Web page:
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Kiss Me Hardy

"Kiss Me Hardy"

Thomas Masterman Hardy

Don't confuse Vice-Admiral Sir Thomas Masterman Hardy of Portesham (1769 – 1839) with his namesake, the world famous Dorset, poet and novelist, Thomas Hardy (1840 – 1928).

Hardy of Bockhampton near Dorchester, was in fact proud to claim him as a distant family relative and much of his writing focussed on the Napoleonic wars in which our Thomas played a leading role.

Thomas Masterman Hardy served as flag captain to Admiral Lord Nelson, and commanded HMS Victory at the Battle of Trafalgar,  against a combined French and Spanish fleet in October 1805.

It was the most important sea battle of the 19th century, resulting in the victorious British Navy, becoming the world's largest sea power for the next 100 years. 

The Victory breached the enemy line, as Hardy steered her across the stern of the 80-gun French flagship Bucentaure

Enemy sharpshooters fired from their rigging, as Nelson and Hardy continued to walk on deck, directing and giving orders. Hardy turned to see Nelson fall onto his side saying "Hardy, I do believe they have done it at last .... my backbone is shot through".


At about 2.30, Hardy came belowdecks to tell Nelson that many enemy ships had surrendered. Nelson was certain he was going to die and begged him to "take care of poor Lady Hamilton".

As he became weaker he said  "Kiss me, Hardy". Hardy knelt and kissed Nelson on the cheek. He then stood for a minute or two before kissing him on the forehead. Nelson asked, "Who is that?", and on hearing that it was Hardy, he replied "God bless you, Hardy" and  "Thank God I have done my duty." 

Nelson died at half-past four, two hours after the fatal shot.

Horatio Nelson (1795)
Hardy's Monument

High above the village on Blackdown Hill, is  the magnificent 72 ft stone monument to Sir Thomas Masterman Hardy GCB, our famous 19th century resident, who fought under Admiral Lord Nelson as Captain of HMS Victory at the Battle of Trafalgar.​​​

The Quarter Gunner's Yarn

A Poem by Sir Henry Newbolt

We lay at St Helen's and easy she rode,

With one anchor catted and fresh-water stowed,

When the barge came alongside like bullocks we roared,

For we knew what we carried with Nelson aboard.

Our Captain was Hardy, the pride of us all,

I'll ask for none better when danger shall call,

He was hardy by nature and Hardy by name,

And soon by his conduct to honour he came.

The third day the Lizard was under our lee,

Where the Ajax and Thunderer joined us at sea,

But what with foul weather and tacking about,

When we sighted the Fleet we were thirteen days out.

The Captains they all came aboard quick enough,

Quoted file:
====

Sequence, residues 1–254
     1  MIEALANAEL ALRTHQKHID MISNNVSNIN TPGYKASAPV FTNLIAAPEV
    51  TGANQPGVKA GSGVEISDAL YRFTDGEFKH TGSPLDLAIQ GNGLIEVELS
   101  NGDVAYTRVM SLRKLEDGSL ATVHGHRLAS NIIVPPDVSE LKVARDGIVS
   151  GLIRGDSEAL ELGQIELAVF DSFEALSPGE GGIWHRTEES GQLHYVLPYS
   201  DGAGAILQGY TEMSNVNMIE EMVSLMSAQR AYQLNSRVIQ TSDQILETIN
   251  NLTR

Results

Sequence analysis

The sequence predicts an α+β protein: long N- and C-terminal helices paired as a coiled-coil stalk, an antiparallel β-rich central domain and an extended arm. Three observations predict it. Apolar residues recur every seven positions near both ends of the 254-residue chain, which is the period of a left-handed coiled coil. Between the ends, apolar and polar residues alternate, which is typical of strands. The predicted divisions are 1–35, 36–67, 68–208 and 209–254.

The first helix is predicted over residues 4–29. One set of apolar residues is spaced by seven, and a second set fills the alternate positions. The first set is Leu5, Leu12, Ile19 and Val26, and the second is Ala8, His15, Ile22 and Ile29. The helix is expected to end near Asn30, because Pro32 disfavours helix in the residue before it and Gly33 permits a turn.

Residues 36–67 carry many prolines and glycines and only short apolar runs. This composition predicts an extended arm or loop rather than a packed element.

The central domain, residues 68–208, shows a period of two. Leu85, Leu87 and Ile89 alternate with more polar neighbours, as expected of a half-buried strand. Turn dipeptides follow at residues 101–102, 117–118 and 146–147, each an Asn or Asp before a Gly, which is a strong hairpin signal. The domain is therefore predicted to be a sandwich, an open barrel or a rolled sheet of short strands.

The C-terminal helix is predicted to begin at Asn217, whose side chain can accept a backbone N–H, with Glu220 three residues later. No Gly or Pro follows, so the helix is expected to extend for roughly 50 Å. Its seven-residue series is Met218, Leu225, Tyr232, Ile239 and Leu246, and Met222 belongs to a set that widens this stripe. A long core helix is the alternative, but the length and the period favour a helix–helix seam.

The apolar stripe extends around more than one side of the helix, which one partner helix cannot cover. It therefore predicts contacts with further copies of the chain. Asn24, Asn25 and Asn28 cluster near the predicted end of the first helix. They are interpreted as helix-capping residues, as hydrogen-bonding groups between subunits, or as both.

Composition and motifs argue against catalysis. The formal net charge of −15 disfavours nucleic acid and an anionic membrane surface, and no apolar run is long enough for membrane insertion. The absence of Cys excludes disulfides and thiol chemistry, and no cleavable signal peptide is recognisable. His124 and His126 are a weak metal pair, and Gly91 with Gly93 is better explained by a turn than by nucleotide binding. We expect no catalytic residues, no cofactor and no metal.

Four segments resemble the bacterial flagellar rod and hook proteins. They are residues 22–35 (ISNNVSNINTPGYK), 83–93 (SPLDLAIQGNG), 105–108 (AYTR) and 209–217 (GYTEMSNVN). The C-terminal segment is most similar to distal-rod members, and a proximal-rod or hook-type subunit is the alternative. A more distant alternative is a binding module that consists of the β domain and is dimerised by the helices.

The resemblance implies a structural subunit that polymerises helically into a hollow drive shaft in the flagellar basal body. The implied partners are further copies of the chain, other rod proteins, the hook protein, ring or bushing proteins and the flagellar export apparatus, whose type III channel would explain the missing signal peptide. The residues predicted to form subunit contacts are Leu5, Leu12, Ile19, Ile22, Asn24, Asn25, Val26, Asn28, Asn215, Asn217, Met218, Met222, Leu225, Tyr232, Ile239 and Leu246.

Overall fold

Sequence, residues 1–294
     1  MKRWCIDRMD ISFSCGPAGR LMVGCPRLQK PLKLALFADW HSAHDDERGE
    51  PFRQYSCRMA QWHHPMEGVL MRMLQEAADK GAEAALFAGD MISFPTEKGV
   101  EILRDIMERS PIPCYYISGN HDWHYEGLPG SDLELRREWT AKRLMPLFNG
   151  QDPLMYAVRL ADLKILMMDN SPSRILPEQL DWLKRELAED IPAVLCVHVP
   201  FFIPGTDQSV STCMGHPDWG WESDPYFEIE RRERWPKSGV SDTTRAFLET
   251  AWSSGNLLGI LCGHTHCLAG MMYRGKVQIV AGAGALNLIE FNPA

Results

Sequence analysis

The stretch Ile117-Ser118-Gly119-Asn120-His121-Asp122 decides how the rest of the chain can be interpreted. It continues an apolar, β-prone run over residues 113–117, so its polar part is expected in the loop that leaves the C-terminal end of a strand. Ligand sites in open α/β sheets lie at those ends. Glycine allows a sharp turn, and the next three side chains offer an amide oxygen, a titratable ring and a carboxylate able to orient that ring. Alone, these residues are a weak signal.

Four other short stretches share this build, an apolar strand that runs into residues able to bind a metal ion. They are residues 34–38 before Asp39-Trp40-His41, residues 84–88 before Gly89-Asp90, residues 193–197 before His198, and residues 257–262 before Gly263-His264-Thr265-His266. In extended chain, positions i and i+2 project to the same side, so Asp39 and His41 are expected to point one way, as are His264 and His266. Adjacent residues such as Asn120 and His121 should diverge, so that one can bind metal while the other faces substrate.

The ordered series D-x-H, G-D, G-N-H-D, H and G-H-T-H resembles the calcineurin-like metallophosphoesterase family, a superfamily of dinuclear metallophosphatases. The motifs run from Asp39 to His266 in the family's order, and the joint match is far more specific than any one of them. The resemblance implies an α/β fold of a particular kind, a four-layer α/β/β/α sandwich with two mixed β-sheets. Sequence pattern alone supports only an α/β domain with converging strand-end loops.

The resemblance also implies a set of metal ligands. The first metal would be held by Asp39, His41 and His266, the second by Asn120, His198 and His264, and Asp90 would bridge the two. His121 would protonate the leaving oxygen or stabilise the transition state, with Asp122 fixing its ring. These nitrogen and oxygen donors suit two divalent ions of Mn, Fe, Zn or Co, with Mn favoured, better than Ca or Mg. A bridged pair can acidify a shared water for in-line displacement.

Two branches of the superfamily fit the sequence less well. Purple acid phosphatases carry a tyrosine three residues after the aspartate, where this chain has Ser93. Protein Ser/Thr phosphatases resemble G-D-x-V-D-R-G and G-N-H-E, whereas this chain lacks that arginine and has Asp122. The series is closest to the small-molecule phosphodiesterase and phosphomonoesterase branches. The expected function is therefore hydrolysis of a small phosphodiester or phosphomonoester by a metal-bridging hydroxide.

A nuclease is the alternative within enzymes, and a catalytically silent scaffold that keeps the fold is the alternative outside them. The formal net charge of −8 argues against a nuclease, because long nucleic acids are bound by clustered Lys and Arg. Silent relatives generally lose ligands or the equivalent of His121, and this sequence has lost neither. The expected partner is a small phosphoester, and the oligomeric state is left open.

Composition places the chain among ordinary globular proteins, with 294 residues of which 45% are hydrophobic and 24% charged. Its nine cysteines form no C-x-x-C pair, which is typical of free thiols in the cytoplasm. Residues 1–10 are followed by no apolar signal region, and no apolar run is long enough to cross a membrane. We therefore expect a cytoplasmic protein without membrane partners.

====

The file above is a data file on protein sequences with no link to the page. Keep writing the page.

But the news that they brought was as heavy as duff;

So backward an enemy never was seen,

They were harder to come at than Cheeks the Marine.

The lubbers had hare's lugs where seamen have ears,

So we stowed all saluting and smothered our cheers,

And to humour their stomachs and tempt them to dine,

In the offing we showed them but six of the line.

One morning the top men reported below,

The old Agamemnon escaped from the foe,

Says Nelson "My lads, there'll be honour for some,

For we're sure of a battle now Berry has come."

"Up hammocks!" at last cried the bo'sun at dawn,

The guns were cast loose and the tompions drawn,

The gunner was bustling the shot racks to fill,

And "All hands to quarters!" was piped with a will.

We now saw the enemy bearing ahead,

And to East of them Cape Trafalgar it was said,

'Tis a name remembered from father to son,

That the days of old England may never be done.

The Victory led, to her flag it was due,

Though the Téméraires thought themselves admirals too,

But Lord Nelson he hailed them with masterful grace,

"Cap'n Harvey I'll thank you to keep in your place."

To begin with we closed the Bucentaure alone,

An eighty-gun ship and their Admiral's own,

We raked her but once, and the rest of the day,

Like a hospital hulk on the water she lay.

To our battering next the Redoubtable struck,

But her sharpshooters gave us the worst of the luck,

Lord Nelson was wounded most cruel to tell,

"They've done for me, Hardy!" he cried as he fell.

To the cockpit in silence they carried him past,

And sad were the looks that were after him cast;

His face with a kerchief he tried to conceal,

But we knew him too well from the truck to the heel.

When the captain reported a victory won,

"Thank God" he kept saying, "my duty I've done";

At last came the moment to kiss him good-bye,

And the captain for once had salt in his eye.

"Now anchor, dear Hardy", the admiral cried,

But before we could make it he fainted and died;

All night in the trough of the sea we were tossed,

And for want of ground tackle good prizes were lost.

Then we hauled down the flag, at the fore it was red,

And blue at the mizzen was hoisted instead.

By Nelson's famed captain, the pride of each tar

Who fought in the Victory off Cape Trafalgar.


Photo credit: National Maritime Museum

Portesham House